Customer Segmentation Part 2: PCA for Segment Visualization
Written on September 4, 2016
This post is the second part in the customer segmentation analysis. The first post focused on k-means clustering in
R to segment customers into distinct groups based on purchasing habits. This post takes a different approach, using Pricipal Component Analysis (PCA) in
R as a tool to view customer groups. Because PCA attacks the problem from a different angle than k-means, we can get different insights. We’ll compare both the k-means results with the PCA visualization. Let’s see what happens when we apply PCA.
3 Part Series
- CUSTOMER SEGMENTATION PART 1: K-MEANS CLUSTERING
- CUSTOMER SEGMENTATION PART 2: PCA FOR SEGMENT VISUALIZATION
- CUSTOMER SEGMENTATION PART 3: NETWORK VISUALIZATION
Customer Segmentation Cheat Sheet
We have a cheat sheet that walks the user through the workflow for segmenting customers. You can download it here.
10-Minute Overview of Segmentation and Clustering taught in our Business Analysis with R (DS4B 101-R) Course
Table of Contents
- Why PCA?
- Where We Left Off
- Getting Ready for PCA
- Applying PCA
- Visualizing the Results
- Further Reading
PCA is a dimensionality reduction algorithm: PCA takes your data and decomposes it using transformations into principal components (PC). Each PC is selected in the orthogonal direction that maximizes the linear variance of the data. In essence, PCA is nothing more than an algorithm that takes numeric data in x, y, z coordinates and changes the coordinates to x’, y’, and z’ that maximize the linear variance. A great article on the background behind PCA is Pricipal Component Analysis: Explained Visually. As the title suggests, the article has great visuals to explain the algorithm.
How does this help in customer segmentation / community detection? Unlike k-means, PCA is not a direct solution. What PCA helps with is visualizing the essence of a data set. Because PCA selects PC’s based on the maximum linear variance, we can use the first few PC’s to describe a vast majority of the data set without needing to compare and contrast every single feature. By using PC1 and PC2, we can then visualize in 2D and inspect for clusters. We can also combine the results with the k-means groups to see what k-means detected as compared to the clusters in the PCA visualization.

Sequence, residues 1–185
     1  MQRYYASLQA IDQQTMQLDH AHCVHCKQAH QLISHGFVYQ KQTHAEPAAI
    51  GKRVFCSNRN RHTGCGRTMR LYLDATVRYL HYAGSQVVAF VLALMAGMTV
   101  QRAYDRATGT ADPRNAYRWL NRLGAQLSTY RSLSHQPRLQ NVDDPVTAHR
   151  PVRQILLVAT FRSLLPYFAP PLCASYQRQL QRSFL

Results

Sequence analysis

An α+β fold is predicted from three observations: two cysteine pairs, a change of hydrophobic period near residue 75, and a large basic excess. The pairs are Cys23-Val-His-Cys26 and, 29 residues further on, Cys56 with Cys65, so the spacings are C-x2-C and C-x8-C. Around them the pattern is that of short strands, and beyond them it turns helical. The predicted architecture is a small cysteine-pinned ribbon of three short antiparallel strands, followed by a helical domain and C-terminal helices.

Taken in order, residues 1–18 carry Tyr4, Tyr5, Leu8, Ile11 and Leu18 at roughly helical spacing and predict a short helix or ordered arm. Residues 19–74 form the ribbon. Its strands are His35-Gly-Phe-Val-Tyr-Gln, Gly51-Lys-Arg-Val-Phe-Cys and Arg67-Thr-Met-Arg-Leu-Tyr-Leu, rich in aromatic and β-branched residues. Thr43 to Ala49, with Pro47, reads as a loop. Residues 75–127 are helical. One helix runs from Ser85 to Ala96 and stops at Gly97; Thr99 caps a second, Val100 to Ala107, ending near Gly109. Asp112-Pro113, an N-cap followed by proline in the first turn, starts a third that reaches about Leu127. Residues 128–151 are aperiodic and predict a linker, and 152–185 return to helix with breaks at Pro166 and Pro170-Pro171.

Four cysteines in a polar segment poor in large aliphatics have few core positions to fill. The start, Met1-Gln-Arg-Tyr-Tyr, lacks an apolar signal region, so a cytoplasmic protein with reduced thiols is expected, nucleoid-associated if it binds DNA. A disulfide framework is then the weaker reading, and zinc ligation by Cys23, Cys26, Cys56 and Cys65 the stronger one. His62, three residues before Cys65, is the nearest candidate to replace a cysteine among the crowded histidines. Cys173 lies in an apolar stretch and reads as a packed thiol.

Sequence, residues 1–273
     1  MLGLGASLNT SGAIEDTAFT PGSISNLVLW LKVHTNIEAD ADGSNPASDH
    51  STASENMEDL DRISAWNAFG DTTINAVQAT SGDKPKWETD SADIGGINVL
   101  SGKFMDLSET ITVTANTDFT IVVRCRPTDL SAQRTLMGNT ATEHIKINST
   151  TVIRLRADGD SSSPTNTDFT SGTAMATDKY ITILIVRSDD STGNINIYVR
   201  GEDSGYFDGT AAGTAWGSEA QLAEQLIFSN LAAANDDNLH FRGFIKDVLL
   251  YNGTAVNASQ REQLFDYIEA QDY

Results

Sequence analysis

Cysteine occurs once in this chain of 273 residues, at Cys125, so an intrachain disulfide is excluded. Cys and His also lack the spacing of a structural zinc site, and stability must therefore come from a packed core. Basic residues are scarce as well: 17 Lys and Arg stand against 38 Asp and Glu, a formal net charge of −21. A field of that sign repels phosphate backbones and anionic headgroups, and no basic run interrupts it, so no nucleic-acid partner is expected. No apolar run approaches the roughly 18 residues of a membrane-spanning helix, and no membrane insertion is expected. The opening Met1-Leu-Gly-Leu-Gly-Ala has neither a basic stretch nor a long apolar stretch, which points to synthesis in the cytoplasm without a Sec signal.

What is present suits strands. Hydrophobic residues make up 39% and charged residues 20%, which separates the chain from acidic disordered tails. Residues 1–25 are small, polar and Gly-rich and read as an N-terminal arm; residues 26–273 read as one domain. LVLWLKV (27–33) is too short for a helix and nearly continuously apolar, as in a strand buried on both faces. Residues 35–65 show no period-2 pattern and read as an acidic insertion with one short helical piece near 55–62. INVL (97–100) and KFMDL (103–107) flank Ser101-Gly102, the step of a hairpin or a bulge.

Before we jump into PCA, it’s a good idea to review where we left off in the previous customer segmentation post.
In the first post, we used k-means clustering to analyze the
bikes data set, a collection of excel files that contains data for bike shops (customers), bikes (products), and sales orders for the bike manufacturer, Cannondale. The bike shops and sales orders are fictional / simulated (see the orderSimulatoR post for more on this), but the bikes (products) are actual models from Cannondale’s website.
A hypothesis was formed that bike shops purchase bikes based on bike features such as unit price (high end vs affordable), primary category (Mountain vs Road), frame (aluminum vs carbon), etc. The sales orders were combined with the customer and product information and grouped to form a matrix of sales by model and customer. The
kmeans() function was run on a range of potential clusters, k, and the
silhouette() function from the
cluster package was used to determine the optimal number of clusters.
Rather than run through the previous post, the sections below can be used to get everthing ready for PCA.
You can access the data here if you would like to follow along. You’ll need to download the following files:
orders.xlsx: Contains the fictional sales orders for Cannondale.
customer.idin the orders.xlsx file relates to
bike shop.idin the bikeshops.xlsx file, and
product.idin the orders.xlsx file relates to
bike.idin the bikes.xlsx file.
bikes.xlsx: Contains information on products (e.g. bike model, primary category, secondary category, unit price, etc).
bike.idis the primary key.
bikeshops.xlsx: Contains information on customers (e.g. customer name and location).
bikeshop.idis the primary key.
The script to load and configure the data into a customer trends matrix is shown below.
This script will read the data. Make sure you have the excel files in a folder named “data” in your current working directory prior to running the script below.